Ultimate Winery Experiences Australia

Montalto Sculpture Prize 2017

Winding among the vines and wetlands of Montalto Vineyard & Olive Grove, the fascintating and visually stunning Montalto Sculpture Trail offers a new perspective on nature and art.  The permanent collection comprises over 20 sculptures and is each year joined between January and May by a further 20 finalists in the running to receive the much coveted Montalto Sculpture Prize.

The Montalto Sculpture Prize is an acquisitive award open to all artists working in any medium, and runs from February to October each year.

John and Wendy Mitchell, Montalto's proud owners, share a passion for wine, food, nature and the arts.  The Montalto Sculpture Prize is an essential expression of this spirit, designed to encourage artistic pursuit, and to allow guests to enjoy the natural beauty of the property while appreciating the wonderful creativity of the sculptures.

Each year, the judging panel selects a shortlist of finalists from all of the entries in early November. The chosen finalists are then invited to install their work in January, at which time a winner is chosen and announced at the opening in February.  All of the finalists' works form the Exhibition which remain in place until end October and all of the non-winning works are available for purchase.  The winning sculpture forms part of the permanent colletion.  Visitors are also invited to vote for their favourite work and this 'People's Choice' winner receives $1,000.

The grounds at Montalto are open daily between 11am – 5pm and we recommend at least an hour to enjoy the Sculpture throughout the property.

The offical opening of the 2017 Montalto Sculpture Prize and announcement of this year's winner of the $30,000 acquisitive award will take place this Sunday, 26th February from 3.30pm.

Each of the 23 finalists' sculptures will be on display across the Estate and artists will be in attendance to discuss their latest work.  You'll also hear from the panel of judges, including this year's guest judge Kelly Gellatly, Director of the Ian Potter Museum of Art at the University of Melbourne.  The Piazza Cafe will stay open until 7pm.

Here is a sneak preview of what you can expect from this year's Exhibition. 

Martin George
Carrara marble, stainless steel, gold paint, bearings, rotating column
555 x 190 x 160 cm
Men in love have been making ridiculous monuments for a long time. The Taj Mahal is the classic example of consuming passion manifest through a constructed object, a physical representation of love built over many years and at a great expense. My love is both earnest and playful and it became an obvious realm to explore in my art with my creative fascination with the juncture of irony and sincerity.   The Carrara marble that forms the base was sourced from the same quarry that Michelangelo carved David, my grand and romantic gesture. Affixed to the marble base is an engraved plate that reads ‘Best and Fairest’, my tongue in cheek compliment to my wife. I've expanded and tapered the pentagonal form, carrying with it the geometric representational significance of humanity, incorporating techniques that form 'divine proportions' throughout. I wish to provoke a conversation around how we celebrate love and whether it is encouraged in contemporary Australia.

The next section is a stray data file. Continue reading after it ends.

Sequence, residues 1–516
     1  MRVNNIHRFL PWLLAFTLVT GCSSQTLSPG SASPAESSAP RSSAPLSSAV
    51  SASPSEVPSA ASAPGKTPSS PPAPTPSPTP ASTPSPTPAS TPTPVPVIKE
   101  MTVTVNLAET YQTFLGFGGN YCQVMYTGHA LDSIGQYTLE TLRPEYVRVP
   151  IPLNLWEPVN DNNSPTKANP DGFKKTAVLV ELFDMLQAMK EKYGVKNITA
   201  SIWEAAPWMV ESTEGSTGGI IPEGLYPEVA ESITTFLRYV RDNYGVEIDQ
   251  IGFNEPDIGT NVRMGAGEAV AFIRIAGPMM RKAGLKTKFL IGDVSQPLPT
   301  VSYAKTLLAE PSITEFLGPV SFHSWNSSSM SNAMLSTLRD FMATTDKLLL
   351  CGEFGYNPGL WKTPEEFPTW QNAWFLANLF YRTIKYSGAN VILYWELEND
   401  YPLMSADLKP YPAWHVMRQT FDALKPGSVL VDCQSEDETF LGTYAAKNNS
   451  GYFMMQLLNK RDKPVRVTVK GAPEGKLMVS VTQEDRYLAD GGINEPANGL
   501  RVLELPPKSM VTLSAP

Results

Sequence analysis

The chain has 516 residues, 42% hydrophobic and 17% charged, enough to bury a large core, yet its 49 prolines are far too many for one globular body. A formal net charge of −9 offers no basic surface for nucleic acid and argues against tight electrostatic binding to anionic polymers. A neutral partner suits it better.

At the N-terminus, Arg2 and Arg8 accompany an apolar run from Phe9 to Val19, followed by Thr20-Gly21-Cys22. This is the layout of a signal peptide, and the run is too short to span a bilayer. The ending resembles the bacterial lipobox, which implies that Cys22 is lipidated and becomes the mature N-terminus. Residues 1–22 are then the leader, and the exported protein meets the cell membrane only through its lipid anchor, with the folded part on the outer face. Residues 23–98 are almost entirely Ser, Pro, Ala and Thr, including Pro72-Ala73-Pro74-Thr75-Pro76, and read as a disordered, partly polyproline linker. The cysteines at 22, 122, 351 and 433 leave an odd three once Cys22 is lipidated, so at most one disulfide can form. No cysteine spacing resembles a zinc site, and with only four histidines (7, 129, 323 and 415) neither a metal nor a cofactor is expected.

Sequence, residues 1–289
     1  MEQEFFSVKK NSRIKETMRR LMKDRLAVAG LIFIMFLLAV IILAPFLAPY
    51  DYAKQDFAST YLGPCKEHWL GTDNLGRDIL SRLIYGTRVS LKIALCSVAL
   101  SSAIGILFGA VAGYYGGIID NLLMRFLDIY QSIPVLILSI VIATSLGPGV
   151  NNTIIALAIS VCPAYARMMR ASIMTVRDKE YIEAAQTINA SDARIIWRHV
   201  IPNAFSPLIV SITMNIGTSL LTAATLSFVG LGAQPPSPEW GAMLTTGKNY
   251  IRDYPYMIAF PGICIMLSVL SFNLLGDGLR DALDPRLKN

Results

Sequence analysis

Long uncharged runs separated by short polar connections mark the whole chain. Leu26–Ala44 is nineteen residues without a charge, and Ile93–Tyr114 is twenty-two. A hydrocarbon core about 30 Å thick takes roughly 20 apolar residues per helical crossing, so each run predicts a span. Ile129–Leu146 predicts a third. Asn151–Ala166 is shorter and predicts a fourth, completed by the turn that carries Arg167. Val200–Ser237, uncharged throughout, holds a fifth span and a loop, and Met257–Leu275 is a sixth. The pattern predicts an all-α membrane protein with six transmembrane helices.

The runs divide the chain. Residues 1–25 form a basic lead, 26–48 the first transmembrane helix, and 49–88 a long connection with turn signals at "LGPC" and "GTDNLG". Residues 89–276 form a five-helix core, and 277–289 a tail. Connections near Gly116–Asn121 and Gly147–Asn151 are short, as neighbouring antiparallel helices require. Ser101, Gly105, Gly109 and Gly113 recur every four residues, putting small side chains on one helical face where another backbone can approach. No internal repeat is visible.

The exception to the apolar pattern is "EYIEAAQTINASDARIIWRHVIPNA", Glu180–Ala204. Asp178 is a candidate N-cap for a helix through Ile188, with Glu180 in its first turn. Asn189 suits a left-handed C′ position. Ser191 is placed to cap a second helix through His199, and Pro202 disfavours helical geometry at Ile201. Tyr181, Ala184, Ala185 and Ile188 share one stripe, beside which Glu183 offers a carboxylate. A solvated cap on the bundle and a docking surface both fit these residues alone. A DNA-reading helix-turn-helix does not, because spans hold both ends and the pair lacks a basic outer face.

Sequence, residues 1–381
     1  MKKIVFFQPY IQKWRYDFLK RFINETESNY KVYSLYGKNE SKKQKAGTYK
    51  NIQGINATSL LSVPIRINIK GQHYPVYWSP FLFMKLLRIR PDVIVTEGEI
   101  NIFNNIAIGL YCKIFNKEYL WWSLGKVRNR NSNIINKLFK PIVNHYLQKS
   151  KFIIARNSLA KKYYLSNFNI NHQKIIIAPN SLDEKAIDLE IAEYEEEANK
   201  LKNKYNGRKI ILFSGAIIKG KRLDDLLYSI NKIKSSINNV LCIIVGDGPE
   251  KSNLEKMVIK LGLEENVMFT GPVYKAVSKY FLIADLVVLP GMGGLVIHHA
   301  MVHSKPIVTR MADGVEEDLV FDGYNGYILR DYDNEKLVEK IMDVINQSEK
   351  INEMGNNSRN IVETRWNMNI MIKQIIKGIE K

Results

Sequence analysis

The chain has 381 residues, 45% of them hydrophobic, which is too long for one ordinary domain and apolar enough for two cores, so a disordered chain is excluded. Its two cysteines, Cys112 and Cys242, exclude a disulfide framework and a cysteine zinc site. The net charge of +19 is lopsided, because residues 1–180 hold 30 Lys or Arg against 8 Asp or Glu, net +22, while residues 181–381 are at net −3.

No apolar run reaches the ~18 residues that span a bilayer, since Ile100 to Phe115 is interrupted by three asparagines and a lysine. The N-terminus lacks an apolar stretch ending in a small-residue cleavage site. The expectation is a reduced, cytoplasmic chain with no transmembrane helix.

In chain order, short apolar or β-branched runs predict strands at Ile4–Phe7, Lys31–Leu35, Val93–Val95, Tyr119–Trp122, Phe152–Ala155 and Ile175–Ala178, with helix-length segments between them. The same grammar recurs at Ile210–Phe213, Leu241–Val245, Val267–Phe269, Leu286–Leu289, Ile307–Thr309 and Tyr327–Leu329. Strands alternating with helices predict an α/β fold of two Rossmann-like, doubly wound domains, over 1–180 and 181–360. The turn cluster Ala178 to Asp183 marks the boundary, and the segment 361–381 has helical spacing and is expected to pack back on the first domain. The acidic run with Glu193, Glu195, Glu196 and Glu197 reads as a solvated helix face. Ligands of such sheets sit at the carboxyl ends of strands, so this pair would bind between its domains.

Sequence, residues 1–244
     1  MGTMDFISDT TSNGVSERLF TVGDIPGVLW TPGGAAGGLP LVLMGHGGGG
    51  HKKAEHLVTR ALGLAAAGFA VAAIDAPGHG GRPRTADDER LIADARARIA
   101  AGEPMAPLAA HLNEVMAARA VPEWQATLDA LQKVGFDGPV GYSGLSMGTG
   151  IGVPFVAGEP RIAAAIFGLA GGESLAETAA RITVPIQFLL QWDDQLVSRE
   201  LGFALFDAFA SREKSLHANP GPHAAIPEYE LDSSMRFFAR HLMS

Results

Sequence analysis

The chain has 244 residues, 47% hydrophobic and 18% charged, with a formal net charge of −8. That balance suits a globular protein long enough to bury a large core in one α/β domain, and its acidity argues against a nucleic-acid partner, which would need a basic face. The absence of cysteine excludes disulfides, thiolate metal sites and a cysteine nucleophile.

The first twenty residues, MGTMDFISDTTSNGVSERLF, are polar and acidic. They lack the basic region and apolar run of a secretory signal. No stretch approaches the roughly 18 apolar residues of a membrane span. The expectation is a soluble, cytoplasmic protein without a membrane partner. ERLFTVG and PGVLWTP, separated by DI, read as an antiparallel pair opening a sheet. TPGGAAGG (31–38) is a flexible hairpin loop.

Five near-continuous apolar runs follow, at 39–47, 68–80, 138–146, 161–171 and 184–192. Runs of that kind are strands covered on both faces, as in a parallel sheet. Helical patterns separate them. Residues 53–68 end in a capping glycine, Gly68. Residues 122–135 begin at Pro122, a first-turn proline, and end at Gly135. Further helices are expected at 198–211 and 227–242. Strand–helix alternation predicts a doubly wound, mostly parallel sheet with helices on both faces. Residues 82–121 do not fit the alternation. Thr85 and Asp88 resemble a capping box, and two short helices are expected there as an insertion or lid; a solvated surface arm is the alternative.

Ralf Rehak
timber, plastic door strips
200 x 137 x 137 cm
‘Home in the Ruin 01’ examines how the relationship between form, space and materials can evoke memory and meaning associated with home. The form and assemblage aim to evoke an imagined occupation; to generate dissonances that suggest safety and refuge, yet exclusion and unsettledness.  Constructed with reclaimed timber from a demolished house, it explores the relationship between home as a psychological space, complex in associations: safety, play, and commune, as well as the juxtaposed conditions of insecurity, transience and fragility.
Sonia Payes
fibreglass, stainless steel
automotive paint, UV gel
250 x 125 x 125 cm
Sonia Payes is a photographer and new media artist based in Melbourne, Australia. Her current body of work explores dominant themes of rebirth and regeneration with a strong focus on the features of her muse and daughter Ilana, most recently her metamorphosis into the four-faced goddess. Additionally, an underlying subtext of fire and ice is representative of the destruction and transformation inherent within environmental extremes and quintessential of Payes’ oeuvre. 
Woman Series marks Payes's artistic progression from photography to sculpture, her transition from 2D image into 3D reality. Woman, 2016 presents a humanizing factor within the theme of regeneration, reiterating the inevitable cycle of birth and death, expressed through the presentation of the mercurial, four-faced matrix and is an extension of Payes’s photographic theme of humanity and female strength.
David Wood
copper, steel
350 x 600 x 20 cm
While exploring the manipulation of the linear plane, this piece is conceived through continuing questioning of my personal place on "the world stage" as artist and as an individual.  Using the draping of fabric to reference artistic movements through antiquity to the contemporary, two large free standing forged copper "curtains" frame and transfigure the landscape into a stage. Copper is chosen as the medium, as a precious metal and a pure element it has intrinsic cultural value. The physical challenge in making the piece is a performance in itself. I forge metals to imbue fluidity, transparency and levitation; my public works define, announce and guard physical space while privately exploring notions of identity and cultural connection. I hope this work will entice the wider community to perform, express and share stories to enhance pathos, logos and ethos. The corrugated aesthetic of the material belonging to Australian vernacular, curtains drawn, the next act is about to begin